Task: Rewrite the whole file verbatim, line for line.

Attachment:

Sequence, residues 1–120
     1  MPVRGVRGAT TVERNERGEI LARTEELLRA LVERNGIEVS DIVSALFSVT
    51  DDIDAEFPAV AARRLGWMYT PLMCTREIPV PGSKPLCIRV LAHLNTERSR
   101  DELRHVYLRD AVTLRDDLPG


Sequence, residues 1–120
     1  MPVRGVRGAT TVERNERGEI LARTEELLRA LVERNGIEVS DIVSALFSVT
    51  DDIDAEFPAV AARRLGWMYT PLMCTREIPV PGSKPLCIRV LAHLNTERSR
   101  DELRHVYLRD AVTLRDDLPG